Wikimedia Foundation’s statement, correcting a few details that The Guardian and The Register have got wrong –
Dave Gerard’s comments, useful for economic context –
The BBC, quoting Gerard –
To re-iterate a point I’ve made in the comments on this blog, the NPG is wrong both ethically and economically. They are a state-funded institution that exists to enable the public to access portraits of notable individuals, and that mission would be better served by collaborating with free culture institutions than by trying to *prevent* the public accessing portraits of notable individuals in order to monetize bogus rights.
That the NPG have spent a million pounds that they will have to make back by employing a bureaucracy whose expense is barely covered by the licencing fees that “investment” generates is not an argument against the fact that they are wrong to be claiming to enclose the public domain.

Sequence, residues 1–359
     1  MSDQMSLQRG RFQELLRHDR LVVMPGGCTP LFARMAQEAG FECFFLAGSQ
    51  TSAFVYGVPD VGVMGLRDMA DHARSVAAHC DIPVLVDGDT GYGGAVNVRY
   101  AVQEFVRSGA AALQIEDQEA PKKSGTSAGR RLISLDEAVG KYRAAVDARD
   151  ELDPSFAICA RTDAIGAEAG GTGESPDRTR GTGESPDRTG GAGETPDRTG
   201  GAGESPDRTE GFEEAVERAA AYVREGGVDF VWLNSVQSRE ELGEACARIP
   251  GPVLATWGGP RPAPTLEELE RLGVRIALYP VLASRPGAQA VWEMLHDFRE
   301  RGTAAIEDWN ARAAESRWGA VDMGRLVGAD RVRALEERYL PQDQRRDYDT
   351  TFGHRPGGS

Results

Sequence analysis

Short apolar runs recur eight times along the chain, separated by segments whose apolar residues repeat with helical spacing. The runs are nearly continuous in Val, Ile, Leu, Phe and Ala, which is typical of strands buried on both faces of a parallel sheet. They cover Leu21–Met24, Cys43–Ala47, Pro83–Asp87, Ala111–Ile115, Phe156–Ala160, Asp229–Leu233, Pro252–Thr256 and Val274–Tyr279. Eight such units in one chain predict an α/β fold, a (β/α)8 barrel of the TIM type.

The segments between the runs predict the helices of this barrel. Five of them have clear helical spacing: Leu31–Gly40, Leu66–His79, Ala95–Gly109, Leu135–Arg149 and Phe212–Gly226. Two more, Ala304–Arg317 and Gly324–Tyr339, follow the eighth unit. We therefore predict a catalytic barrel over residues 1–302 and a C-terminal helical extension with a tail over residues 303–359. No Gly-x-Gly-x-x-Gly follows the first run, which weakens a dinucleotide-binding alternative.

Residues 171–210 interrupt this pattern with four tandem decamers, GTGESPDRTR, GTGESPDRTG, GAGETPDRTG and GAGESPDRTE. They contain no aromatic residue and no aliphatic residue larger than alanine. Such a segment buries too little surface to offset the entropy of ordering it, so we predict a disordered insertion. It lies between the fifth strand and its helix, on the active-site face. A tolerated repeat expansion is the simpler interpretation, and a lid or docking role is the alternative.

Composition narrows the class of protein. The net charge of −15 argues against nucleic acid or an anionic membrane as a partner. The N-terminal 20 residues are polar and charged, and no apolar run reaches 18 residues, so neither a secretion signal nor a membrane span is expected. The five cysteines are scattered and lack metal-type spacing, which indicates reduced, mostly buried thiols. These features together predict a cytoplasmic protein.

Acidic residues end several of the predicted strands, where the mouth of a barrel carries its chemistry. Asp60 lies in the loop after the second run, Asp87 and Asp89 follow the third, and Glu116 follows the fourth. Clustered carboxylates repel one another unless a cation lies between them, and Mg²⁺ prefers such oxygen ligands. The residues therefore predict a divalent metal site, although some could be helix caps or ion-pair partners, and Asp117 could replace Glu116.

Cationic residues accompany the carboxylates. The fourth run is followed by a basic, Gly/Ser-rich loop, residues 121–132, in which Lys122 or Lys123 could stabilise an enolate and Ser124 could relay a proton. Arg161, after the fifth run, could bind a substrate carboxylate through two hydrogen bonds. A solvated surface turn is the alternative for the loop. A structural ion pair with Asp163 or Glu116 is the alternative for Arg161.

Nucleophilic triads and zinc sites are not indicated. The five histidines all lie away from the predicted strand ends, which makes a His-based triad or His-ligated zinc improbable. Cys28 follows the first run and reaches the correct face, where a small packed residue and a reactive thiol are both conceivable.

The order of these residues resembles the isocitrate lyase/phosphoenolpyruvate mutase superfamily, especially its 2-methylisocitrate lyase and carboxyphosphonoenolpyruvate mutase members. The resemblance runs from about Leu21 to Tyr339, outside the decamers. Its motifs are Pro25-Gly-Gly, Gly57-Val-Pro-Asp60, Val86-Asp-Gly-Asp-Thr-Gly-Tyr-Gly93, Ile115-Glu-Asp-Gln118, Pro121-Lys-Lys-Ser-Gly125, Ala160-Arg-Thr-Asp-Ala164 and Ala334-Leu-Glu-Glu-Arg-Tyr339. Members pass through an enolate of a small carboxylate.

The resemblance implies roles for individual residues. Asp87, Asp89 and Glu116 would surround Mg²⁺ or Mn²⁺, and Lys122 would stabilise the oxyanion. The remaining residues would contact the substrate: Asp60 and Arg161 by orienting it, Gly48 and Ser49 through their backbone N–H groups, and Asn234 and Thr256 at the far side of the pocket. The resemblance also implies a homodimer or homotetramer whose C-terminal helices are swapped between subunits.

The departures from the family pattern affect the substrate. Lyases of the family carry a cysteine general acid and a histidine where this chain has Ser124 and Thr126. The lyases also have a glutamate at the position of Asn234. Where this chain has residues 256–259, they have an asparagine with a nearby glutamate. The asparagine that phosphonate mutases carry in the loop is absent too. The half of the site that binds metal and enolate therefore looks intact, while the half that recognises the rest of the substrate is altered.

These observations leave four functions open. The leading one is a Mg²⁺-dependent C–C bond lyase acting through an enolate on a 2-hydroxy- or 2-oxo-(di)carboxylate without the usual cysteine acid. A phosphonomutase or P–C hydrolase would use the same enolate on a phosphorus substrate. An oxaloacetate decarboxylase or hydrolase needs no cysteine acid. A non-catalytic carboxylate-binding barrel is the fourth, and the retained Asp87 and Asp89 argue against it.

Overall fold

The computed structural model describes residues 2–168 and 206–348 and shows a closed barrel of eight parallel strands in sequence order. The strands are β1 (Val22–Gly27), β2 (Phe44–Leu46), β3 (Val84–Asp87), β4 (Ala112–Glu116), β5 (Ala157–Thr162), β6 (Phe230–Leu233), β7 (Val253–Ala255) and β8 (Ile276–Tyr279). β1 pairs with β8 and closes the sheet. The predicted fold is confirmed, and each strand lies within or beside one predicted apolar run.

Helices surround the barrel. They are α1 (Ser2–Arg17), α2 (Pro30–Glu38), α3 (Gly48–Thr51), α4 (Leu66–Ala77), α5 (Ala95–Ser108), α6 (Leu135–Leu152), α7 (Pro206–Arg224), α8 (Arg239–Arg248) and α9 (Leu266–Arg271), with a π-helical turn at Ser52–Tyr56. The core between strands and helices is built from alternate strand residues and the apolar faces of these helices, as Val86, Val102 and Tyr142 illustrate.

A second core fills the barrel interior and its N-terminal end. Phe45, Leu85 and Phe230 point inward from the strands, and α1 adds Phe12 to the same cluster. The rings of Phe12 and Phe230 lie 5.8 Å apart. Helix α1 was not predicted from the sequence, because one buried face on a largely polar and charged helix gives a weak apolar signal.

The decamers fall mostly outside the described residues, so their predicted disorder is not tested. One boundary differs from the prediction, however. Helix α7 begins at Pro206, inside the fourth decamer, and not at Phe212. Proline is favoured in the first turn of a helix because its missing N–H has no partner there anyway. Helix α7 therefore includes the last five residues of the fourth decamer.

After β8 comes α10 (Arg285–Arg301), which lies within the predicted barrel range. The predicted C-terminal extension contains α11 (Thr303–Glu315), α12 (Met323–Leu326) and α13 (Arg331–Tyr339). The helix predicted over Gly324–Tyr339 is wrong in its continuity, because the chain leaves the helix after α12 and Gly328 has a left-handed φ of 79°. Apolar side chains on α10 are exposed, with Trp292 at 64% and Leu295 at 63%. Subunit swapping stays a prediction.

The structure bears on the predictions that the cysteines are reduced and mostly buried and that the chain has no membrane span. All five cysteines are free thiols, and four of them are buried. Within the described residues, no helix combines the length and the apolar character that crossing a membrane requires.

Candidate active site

If I have put a lock on your house and I’m demanding money before I let you in, the amount of effort I’ve spent on fitting the lock isn’t the most salient point in the discussion…
British commentators shouldn’t be dismissive of Bridgeman vs. Corel, which was decided with explicit reference to English law.
[UPDATE 2, 20.25/2009-7-19] – http://davidgerard.co.uk/notes/2009/07/17/npg-talks-are-in-progress-what-would-you-like-to-see-from-them
I’d like to see the NPG admit they cannot hold copyright on the images, and WMF not help the NPG in any rightswashing. WMF can reduce the costs of producing and distributing images and metadata for the NPG and help increase the value of access to the NPG itself. It’s in both institutions interests to do so.